The South Wales Metro is hampered by public disbelief and cynicism according to a key expert involved in the project.
Professor Mark Barry, of Cardiff University, said the public “doesn’t believe” the huge upgrade to public transport across south-east Wales is actually coming.
The metro project will see a system of heavy and light rail, trams and new buses crossing the region with several new train stations.
But delays to the project and a lack of investment in public transport stretching over decades have left people cynical about the plans, Prof Barry said.
In a briefing on the South Wales Metro with Cardiff council’s environmental scrutiny committee, he said: “People don’t believe the metro is coming. My mother doesn’t believe it.
“It is coming, but in the meantime people are getting very cynical. I’m not quite sure how we manage that. I’m pretty sure in 2024, when we have all these brand new tram-trains, people are going to be genuinely shocked. But we’re not going to have any shiny new stuff for another three to four years.”
Prof Barry is credited as the man behind the vision of the metro project, which covers the 10 council areas in south-east Wales: Blaenau Gwent, Bridgend, Caerphilly, Cardiff, Merthyr Tydfil, Monmouthshire, Newport, Rhondda Cynon Taf, Torfaen, and the Vale of Glamorgan.
Councillors on the environmental scrutiny committee heard updates on the metro during a meeting on Tuesday, January 5. Several questioned the transport professor if coronavirus was delaying work or threatening funding.
The pandemic could lead to a “six to 12 month” delay in getting new trains, Prof Barry said, due to problems with staff working in factories making the new rolling stock. Pacer trains are still running across the region — cheap, creaky trains from the 1980s that were only supposed to last for a couple of decades.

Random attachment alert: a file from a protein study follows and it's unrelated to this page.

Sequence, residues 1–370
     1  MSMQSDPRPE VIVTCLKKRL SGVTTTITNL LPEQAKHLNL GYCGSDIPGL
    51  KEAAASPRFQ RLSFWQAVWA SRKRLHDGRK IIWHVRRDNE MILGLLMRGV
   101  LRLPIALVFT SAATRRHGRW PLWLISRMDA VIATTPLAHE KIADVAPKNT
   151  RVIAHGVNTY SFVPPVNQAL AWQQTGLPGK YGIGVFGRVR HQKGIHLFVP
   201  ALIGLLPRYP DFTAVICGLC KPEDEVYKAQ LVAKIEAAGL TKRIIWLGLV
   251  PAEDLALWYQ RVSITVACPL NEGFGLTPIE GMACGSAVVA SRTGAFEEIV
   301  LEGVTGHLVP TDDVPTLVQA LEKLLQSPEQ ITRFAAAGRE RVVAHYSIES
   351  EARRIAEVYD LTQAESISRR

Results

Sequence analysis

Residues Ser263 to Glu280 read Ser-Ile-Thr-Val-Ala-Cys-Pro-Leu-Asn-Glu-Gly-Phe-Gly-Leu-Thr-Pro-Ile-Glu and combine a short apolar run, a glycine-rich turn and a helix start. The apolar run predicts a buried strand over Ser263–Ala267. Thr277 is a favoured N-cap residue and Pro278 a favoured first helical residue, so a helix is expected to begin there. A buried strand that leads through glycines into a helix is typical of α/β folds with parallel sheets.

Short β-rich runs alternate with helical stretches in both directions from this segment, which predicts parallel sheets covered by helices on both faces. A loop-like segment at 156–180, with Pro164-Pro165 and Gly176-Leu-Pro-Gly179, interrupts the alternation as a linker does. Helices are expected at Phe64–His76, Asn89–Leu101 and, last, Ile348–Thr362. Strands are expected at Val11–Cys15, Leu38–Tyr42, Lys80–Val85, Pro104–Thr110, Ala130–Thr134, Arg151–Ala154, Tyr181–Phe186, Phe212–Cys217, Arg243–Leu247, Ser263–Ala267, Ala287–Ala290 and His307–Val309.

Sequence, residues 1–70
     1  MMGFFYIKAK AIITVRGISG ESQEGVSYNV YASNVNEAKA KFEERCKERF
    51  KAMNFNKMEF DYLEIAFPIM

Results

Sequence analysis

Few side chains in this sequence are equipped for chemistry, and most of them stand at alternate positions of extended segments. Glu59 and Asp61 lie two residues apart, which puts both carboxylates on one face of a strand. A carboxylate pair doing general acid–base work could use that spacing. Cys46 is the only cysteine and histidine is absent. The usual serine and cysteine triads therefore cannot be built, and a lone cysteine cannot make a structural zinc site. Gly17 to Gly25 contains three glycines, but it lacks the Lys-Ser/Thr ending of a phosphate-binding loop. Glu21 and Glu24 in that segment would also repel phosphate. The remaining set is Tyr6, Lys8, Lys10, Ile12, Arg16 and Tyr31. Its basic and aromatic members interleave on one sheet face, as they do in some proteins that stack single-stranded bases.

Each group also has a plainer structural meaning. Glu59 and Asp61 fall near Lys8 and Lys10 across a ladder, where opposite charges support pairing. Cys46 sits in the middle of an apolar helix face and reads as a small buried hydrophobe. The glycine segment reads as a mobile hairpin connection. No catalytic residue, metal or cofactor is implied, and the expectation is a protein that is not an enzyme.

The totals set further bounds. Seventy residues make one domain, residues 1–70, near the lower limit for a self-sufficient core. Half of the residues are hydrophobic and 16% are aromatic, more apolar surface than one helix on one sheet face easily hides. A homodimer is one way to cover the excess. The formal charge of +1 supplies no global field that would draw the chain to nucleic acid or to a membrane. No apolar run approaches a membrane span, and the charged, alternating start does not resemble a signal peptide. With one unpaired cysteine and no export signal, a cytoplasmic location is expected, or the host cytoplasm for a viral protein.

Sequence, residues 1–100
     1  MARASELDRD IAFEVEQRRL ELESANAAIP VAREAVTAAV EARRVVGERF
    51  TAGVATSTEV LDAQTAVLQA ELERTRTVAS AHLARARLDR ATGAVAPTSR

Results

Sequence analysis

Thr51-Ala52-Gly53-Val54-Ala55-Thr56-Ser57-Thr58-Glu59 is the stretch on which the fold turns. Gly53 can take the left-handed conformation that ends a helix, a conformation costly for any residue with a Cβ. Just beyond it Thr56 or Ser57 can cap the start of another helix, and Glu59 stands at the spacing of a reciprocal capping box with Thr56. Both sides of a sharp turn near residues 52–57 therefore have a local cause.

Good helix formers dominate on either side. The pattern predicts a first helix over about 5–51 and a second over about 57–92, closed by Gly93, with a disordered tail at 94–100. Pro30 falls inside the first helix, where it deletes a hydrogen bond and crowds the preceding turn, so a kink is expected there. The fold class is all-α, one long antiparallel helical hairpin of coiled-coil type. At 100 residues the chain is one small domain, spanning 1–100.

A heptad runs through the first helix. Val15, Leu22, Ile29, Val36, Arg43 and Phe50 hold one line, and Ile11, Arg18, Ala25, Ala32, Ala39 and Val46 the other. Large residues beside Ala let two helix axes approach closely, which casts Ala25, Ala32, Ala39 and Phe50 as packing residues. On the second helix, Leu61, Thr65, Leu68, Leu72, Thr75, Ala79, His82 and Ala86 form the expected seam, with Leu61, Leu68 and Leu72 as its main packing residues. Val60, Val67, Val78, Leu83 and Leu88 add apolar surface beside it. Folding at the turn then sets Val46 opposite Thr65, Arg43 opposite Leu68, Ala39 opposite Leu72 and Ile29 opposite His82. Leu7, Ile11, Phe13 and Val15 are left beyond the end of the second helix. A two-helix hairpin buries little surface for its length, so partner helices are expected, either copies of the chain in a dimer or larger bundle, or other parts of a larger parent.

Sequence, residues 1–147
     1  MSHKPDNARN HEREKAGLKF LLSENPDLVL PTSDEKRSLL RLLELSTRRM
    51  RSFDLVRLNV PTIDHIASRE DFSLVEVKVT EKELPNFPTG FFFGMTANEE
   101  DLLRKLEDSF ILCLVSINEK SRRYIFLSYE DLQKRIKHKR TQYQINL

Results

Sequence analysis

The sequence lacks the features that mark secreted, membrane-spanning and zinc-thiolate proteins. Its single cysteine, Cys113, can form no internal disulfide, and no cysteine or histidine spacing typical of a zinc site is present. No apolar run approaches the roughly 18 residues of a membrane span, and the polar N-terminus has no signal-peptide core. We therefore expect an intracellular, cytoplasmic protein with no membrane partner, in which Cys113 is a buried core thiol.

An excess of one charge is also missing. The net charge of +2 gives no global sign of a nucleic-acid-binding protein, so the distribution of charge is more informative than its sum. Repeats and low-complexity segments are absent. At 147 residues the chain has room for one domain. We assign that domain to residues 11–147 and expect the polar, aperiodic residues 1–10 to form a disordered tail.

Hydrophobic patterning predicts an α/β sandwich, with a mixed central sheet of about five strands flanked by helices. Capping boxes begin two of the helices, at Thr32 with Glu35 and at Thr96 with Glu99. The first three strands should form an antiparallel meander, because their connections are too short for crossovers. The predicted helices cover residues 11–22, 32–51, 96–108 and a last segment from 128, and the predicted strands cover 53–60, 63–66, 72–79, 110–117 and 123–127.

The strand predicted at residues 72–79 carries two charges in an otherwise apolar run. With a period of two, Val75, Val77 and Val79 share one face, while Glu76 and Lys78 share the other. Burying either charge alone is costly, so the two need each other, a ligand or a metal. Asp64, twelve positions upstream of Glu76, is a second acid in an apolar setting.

Cllr Emma Sandrey said: “Given that Pacer trains have recently been given another extension, do you think this undermines public perception of the priority of public transport?”
Cllr Tom Parkhill said: “Nobody in my ward [Llanishen] believes the metro is coming. Over the last year my ward has seen significant worsening of public transport.
“The frequency of train services has gone down in Llanishen and Thornhill. We’re struggling with the bus services, with lesser frequency then previously. Is there urgency in Welsh Government with these projects?”
Replying to the concerns, Prof Barry said that Transport for Wales and the Welsh Government had made significant progress behind the scenes. Although it would take another “three to for years” before the public sees new trains running.
He said: “I know they have committed to a huge investment in rolling stock. It is coming. Some of the manufacturing has been delayed because of Covid but I’m absolutely convinced that Transport for Wales is working as hard as they can to bring this stuff forward as quickly as possible.
“We haven’t had anything nice and shiny in this part of the world for decades. We’ve been told, and I’ve been guilty as anyone else, of promising apple pie and jam. But we’re now in the beginning of the detailed design phase for some of the infrastructure.”
Construction work is now underway on the £100 million metro depot at Taff’s Well, north of Cardiff, on the Garth Works Industrial Estate. The depot should be ready next year and will employ hundreds of staff.
Prof Barry said: “You can already see the depot being built for the tram-trains. So there is a physical manifestation of a real project. It’s just the fact that these things do take a long time.
“While there is frustration and disbelief, we have gone from a heretical project less than 10 years ago to Welsh Government taking the bull by the horns on a non-devolved matter, creating Transport for Wales — a massively complicated procurement — now dealing with the enormity of Covid, and in the middle of a design of a whole replenishment of rolling stock and infrastructure to support doubling the capacity and frequency of the Valley lines.”
The South Wales Metro project will electrify about 170km of track, upgrade most stations and signalling, and upgrade the Core Valleys Lines to Aberdare, Coryton, Merthyr Tydfil, Rhymney and Treherbert.
The metro should mean passengers have quicker journeys, better connections, and more frequent, reliable and accessible services.